By 2026, Toyota plans to introduce ten all-electric vehicles.

Toyota Motor Corporation plans to offer 10 new battery-powered vehicles and aim for annual sales of 1.5 million EVs by 2026 in an effort to rapidly expand its presence in a field in which it has been much outpaced by competitors.

At a conference on Friday, top executives detailed plans for the future of the world’s largest automaker by sales, including the creation of a new, specialized organization to focus on next-generation battery electric vehicles.

Last year, Toyota sold fewer than 25,000 hybrid or electric vehicles across the globe. This number includes sales of the upscale Lexus brand.

Investors and environmental groups have said that Toyota has lost momentum to Tesla Inc. and others that have more nimbly captured the fast-growing demand for battery-powered cars because of the company’s delayed adoption of the technology.

Japanese automaker Nissan has said that electric vehicles are merely one alternative for consumers, with gasoline-electric hybrids like the groundbreaking Prius being a more practical option for some markets and drivers.

At his first press conference as CEO, Koji Sato said, “In the next few years, we will expand our line-up in the important battery electric category,” while also emphasizing the continued significance of hybrids.

By 2030, it is anticipated that electric vehicles will account for more than half of the world’s total vehicle manufacturing.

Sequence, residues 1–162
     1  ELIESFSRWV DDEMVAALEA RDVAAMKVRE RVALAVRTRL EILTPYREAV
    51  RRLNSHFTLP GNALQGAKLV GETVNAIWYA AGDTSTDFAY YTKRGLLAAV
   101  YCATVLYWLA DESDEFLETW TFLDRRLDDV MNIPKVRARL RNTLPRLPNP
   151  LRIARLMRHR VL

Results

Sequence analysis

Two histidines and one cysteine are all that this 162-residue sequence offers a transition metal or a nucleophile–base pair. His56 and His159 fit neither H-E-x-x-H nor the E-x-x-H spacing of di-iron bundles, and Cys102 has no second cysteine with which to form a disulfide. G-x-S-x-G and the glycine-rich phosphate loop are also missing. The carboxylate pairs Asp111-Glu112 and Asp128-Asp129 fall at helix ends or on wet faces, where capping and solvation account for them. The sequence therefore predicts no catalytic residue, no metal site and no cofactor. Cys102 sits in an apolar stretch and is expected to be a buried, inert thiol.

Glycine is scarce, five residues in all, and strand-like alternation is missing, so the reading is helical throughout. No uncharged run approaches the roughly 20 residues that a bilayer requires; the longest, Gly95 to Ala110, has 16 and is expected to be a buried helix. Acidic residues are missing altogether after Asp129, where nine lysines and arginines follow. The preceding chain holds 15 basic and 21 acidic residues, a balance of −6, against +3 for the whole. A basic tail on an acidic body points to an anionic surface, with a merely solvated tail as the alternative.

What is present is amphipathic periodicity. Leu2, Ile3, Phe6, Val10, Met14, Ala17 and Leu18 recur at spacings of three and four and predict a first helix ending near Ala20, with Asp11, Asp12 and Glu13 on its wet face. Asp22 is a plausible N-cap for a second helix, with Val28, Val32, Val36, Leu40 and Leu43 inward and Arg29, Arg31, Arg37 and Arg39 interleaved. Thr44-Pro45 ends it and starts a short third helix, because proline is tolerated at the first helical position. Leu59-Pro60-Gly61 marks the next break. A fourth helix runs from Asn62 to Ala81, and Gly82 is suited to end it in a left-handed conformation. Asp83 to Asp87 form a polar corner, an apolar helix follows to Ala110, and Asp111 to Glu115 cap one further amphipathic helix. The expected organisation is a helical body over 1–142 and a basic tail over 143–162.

With the expansion of EVs surpassing the growth of the total market, Toyota will need to increase manufacturing in the United States to keep up with demand.

Prior to Friday’s announcement, an S&P Global Mobility prediction predicted that Toyota would sell 1.2 million battery-powered vehicles annually in 2026. Toyota’s new goal is to sell 1.5 million BEVs annually by 2026, a 25 percent increase.

According to Yoshiaki Kawano, associate director at S&P Global Mobility, “there’s a gap of 300,000 units, so that can be thought of as a difference of about a year.”

He said, “It doesn’t seem like it’s impossible to achieve at all,” yet the result ultimately hinged on the Toyota models introduced.

Toyota said its first-quarter sales in the United States dropped by about 9 percent. General Motors, on the other hand, witnessed an increase of 18 percent, thanks in large part to the growing interest of fleets and commercial clients in electric vehicles.

According to S&P Global Mobility statistics from the month of November, the majority of U.S. consumers who are making the move to electric vehicles are purchasing models from Toyota and Honda Motor Co.

East Peterson-Trujillo, a clean vehicle advocate with the group Public Citizen, said in an interview before the briefing, “Now that it is time to make the next big innovative leap, Toyota is falling behind, and more and more folks in the U.S. are starting to understand that.”